HEENA SRIVASTAVA: Over the past four years, President Trump’s EPA has reversed nearly 100 environmental protections, including air pollution and emissions regulations, water pollution, toxic substances and safety, and drilling and extraction. 

NANCY LOEB: The time we’re living in right now under the Trump administration and the Trump EPA, which is focused not on protecting the environment or health, but much more focused on limiting any costs to industry and allowing wanton exploitation of our natural resources and this horrifying deregulatory agenda. And it is irrespective of the harm being done to people and the environment, and we are seeing it across all regulatory aspects of the US EPA right now, and especially when it comes to chemicals and toxins, and they are weakening regulations rather than strengthening them to protect people.

KALEN LUCIANO: While Trump’s administration has done little to fix the LCR, its issues stem from long before him and drip down to every local community water system, including Evanston’s. Over the last few years, Eleanore Meade, the Evanston water chemist who oversees lead testing, has identified some of Evanston’s shortcomings. When we spoke to her prior to the 2020 testing period, she was trying to fix biased sampling.

ELEANORE MEADE: So, I’m hoping that we can be better this time. It’s not a lack of trying, I will tell you that it’s not a lack of trying.

KALEN LUCIANO: If you heard some running water in the background, it’s because her office is right in the middle of Evanston’s water facility. Meade first tried to address biased sampling in 2017, the first year of regular testing after Flint, Michigan’s water crisis. 

ELEANORE MEADE: Once it was called to our attention, we definitely tried to do our best to, you know, look at different zones and see if there was any type of discrepancy and, you know, one zone being higher than another and what we found was that that was not the case. It really just depended on the home itself and not where it was located within Evanston.

KALEN LUCIANO: Since the LCR requires that community water systems test the same sites each cycle, the city can only change sites if one opts out. Meade conducted the 2017 additional non-compliance testing we mentioned in the last episode. She tested 14 additional houses that year. Of those, half were in the 8th and 9th wards in South Evanston. Only one was in the 5th Ward. Meade said part of the problem was finding people in the 5th Ward who were interested in participating.

ELEANORE MEADE: We can’t call every single person in the ward either, so we’ve tried and we reached out, but honestly we’re not canvassing the neighborhoods to get someone to help us out. If you know anyone that lives in ward five that would like to help us out, let us know, but I don’t know why that’s a challenge but for some reason it just is. So, I’m hoping that, as time goes on, more people might be willing to help us out.

HEENA SRIVASTAVA: We talked to 5th Ward Ald. Robin Rue Simmons before the 2020 testing period, and she had never heard about the water department’s issue with getting 5th Ward residents to participate. 

ROBIN RUE SIMMONS: So, there may be a lower percentage of homeownership, but there certainly are concerned families that live in the 5th Ward. We have families that need to know if they are vulnerable to unhealthy lead levels in their water. That is an excuse that I would not tolerate going forward.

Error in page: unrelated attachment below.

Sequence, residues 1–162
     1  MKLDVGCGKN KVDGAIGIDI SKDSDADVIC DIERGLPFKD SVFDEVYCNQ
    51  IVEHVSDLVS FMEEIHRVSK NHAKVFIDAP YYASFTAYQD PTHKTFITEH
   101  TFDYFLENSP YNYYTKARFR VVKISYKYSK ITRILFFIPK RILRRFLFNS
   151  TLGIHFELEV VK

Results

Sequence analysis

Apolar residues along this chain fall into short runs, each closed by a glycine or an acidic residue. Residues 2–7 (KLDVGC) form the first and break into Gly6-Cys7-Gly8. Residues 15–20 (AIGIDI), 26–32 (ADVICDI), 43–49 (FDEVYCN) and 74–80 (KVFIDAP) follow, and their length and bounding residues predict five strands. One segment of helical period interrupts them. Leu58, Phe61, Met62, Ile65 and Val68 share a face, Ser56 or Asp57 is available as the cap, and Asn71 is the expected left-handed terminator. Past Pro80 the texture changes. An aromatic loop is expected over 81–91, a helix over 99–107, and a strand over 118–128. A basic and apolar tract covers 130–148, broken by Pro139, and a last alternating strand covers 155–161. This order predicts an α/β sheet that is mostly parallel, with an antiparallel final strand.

HEENA SRIVASTAVA: And so she didn’t.

ROBIN RUE SIMMONS: Hello?

HEENA SRIVASTAVA: Hi.

ROBIN RUE SIMMONS: Hi. OK, so, we are going to pass a resolution. Thank you for all your advocacy.

HEENA SRIVASTAVA: Wow! That — wow, that’s crazy!

ROBIN RUE SIMMONS: I talked — I didn’t want to say anything until I had an answer. Oh, I’m being loud. I think my daughter is in school. I didn’t want to say anything and get you all hyped up until I knew whether we could do it or not. But we are going to pass a resolution. 

HEENA SRIVASTAVA: City Council will vote on this resolution at its first meeting in January.

ROBIN RUE SIMMONS: It will entail inclusion and full representation for all wards. Obviously it is inspired by that oversight that now all wards will have the same water testing and level of service from our water department.

HEENA SRIVASTAVA: So what was the process like on your end to talk to Director Stoneback and get this done?

ROBIN RUE SIMMONS: Well the process included — really it started with your advocacy and others being concerned, bringing it to my attention. Working with staff. Immediate action was appropriate to change this internal policy. And pushing him to think of a way that we can actually codify this and have some accountability on our part, and assurance to the community that this is a priority of ours, and we will advance with a resolution.

KALEN LUCIANO: Before Rue Simmons worked on a resolution, Meade was doing what she could to get a representative sample in 2020. This year, Meade tested six homes in the 5th Ward for lead contamination. She also expanded the city’s sample size from 30 to 40 homes to include historically undersampled wards. 

ELEANORE MEADE: When we looked closer at our sampling we saw that it was more concentrated in certain areas than others. And the way that the state rules are, is that they want you to keep on going back to the same sites, so we had to come up with a way to increase some other sites to get some more samples from other areas and not just be pigeonholed into those. 

KALEN LUCIANO: Prior to the 2020 testing period, Meade said the water department didn’t have the capacity to contact each eligible home in undersampled wards. But this year, she ended up greatly expanding outreach.